Beethoven’s Fifth Piano Concerto—nicknamed “Emperor” after Beethoven’s death and referring to the work’s majestic character rather than a specific political figure—was conceived during troubled times. Napoleon’s forces had invaded Vienna in 1809, and the subsequent French occupation brought physical and economic chaos. On 26 July 1809 Beethoven wrote to his publisher, “What a destructive, disorderly life I see and hear around me, nothing but drums, cannons and human misery in every form.” Concurrently, his rapidly advancing deafness made public appearances all but impossible. Yet, despite this political and personal turmoil and despair Beethoven was busily working on his 5th piano concerto. His ability to overcome seemingly insurmountable obstacles through the sheer force of his will produced by far the most symphonic of his concertos, and it represents the summation of Beethoven’s achievements in the concerto genre. When the work premiered in Leipzig on 28 November 1811, Beethoven was substantially deaf and the honor of playing the solo part went to the young church organist Friedrich Schneider. The concerto first sounded in Vienna on 12 February 1812 with Carl Czerny as soloist, and Felix Mendelssohn played the England premiere on 24 June 1829.
Ludwig van Beethoven: Piano Concerto No. 5 in E-flat major, Op. 73 “Allegro”
The music critic for the Allgemeine Musikalische Zeitung wrote, “There followed Beethoven’s newest concerto for the pianoforte… It was performed beautifully. This is undoubtedly one of the most original and effective of all existing concertos, one of the richest in imagination but also one of the most difficult. Music director Schneider—organist at the University Church in Leipzig, and later organist at St Thomas—played it so masterfully that we could not imagine greater perfection: certainly not in regard to dexterity, clarity, security, and delicacy, but also not in regard to soul and perfect comprehension of the meaning and intent of the composition, and certainly overall, as for every individual passage in particular. As the orchestra also accompanied the work and the soloist just as one might wish, with unmistakable attention and love toward the composer, the very large audience could hardly have failed to be moved to rapture, which they could scarcely satisfy with the customary expressions of gratitude and joy.” The reviewer was clearly delighted with his seventh concert in the Gewandhaus series, conducted by J. P. C. Schulz. Audiences and critics in Vienna were less charitable. The music critic for the newspaper Thalia writes on 19 February 1812.
“If this piece of music… did not receive the applause that it deserved, the reason lies partly in the subjective character of the composer, partly in the objective attributes of the listeners. Beethoven, full of proud self-reliance, never writes for the masses; he wishes to be understood and felt, and because of the difficulties which he intentionally creates, only connoisseurs are capable of this, and an abundance of them cannot be counted on on such occasions. In the exuberance of his genius, he almost never thinks of the ne quid nimium; he pursues his theme with tireless haste, not infrequently makes digressions which seem baroque, and thus, through exertion, he himself exhausts the eager attention of the weaker musical amateur, who cannot follow his train of thought. The non-connoisseurs, however, are led by the length into chaotic night and become bored.”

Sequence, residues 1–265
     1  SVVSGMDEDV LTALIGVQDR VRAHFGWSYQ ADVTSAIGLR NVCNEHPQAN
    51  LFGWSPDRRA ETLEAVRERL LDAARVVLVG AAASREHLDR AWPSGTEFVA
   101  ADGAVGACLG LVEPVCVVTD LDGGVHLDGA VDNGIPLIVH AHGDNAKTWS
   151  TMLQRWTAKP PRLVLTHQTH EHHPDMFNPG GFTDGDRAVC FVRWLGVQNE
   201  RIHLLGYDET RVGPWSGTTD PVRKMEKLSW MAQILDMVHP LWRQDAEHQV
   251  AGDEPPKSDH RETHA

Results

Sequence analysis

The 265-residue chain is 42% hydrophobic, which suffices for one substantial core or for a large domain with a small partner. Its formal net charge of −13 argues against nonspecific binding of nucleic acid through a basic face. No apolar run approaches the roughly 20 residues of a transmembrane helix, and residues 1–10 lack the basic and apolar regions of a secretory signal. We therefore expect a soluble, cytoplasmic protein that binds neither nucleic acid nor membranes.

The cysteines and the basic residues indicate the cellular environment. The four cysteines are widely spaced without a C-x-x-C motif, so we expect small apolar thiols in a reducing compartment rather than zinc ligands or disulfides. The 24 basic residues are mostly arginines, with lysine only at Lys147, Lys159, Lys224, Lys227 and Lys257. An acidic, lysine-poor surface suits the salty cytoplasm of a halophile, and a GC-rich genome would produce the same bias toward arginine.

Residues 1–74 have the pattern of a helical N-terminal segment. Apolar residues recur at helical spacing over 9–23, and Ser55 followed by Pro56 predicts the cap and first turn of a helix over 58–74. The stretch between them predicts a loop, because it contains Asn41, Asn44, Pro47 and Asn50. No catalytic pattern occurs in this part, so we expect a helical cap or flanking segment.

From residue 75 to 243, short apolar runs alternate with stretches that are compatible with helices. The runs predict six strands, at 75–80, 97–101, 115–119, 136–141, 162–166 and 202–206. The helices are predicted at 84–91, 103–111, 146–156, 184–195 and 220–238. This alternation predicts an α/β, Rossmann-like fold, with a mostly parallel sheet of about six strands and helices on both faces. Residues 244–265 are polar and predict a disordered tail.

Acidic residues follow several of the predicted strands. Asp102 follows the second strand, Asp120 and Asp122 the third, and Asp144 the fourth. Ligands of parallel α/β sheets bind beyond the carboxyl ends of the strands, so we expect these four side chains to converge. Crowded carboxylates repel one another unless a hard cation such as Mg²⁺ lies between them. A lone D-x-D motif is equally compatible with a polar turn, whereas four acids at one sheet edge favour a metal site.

Ludwig van Beethoven: Piano Concerto No. 5 in E-flat major, Op. 73 “Adagio” (Hyo Joo Lee, piano; Winterthur Musikkollegium; Douglas Boyd, cond.)
The Viennese reviewer was seemingly startled not only by the concert’s lengths, but also by its unique features. The opening “Allegro” features a most unusual and extraordinary beginning, as orchestral chords punctuate a fully written-out solo cadenza. The orchestra finally enters with a military theme of harmonic simplicity, contrasted by a secondary thematic idea that transforms and transports its original rhythmic angularity into a distant tonal realm. A blindingly brilliant solo part permeates much of the musical discourse, and Beethoven, assuming total control over every aspect of the composition, provides the soloist with a fully notated cadenza at the end of the movement. Improvisatory and reaching for distant and unexpected keys, the muted “Adagio” creates an irresistible sense of yearning. A devotional orchestral opening is answered by an expressive and highly lyrical theme in the piano, and after a sudden and unexpected harmonic shift, the soloist quietly introduces fragments of the principle theme of the “Rondo” finale. Instead of retaining the character of the main theme throughout, Beethoven consciously subdues this exuberant melody before it blazingly returns in its original form. Adding a touch of suspense, the solo piano and the solo timpani combine in an unlikely duet before Beethoven’s most formidable and compelling concerto come to a rousing close.
Apparently, Beethoven’s “Emperor” was the favorite concerto of Franz Liszt, who performed it on numerous occasions, including at the unveiling of the Beethoven Monument in 1845.
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Ludwig van Beethoven: Piano Concerto No. 5 in E-flat major, Op. 73 “Rondo”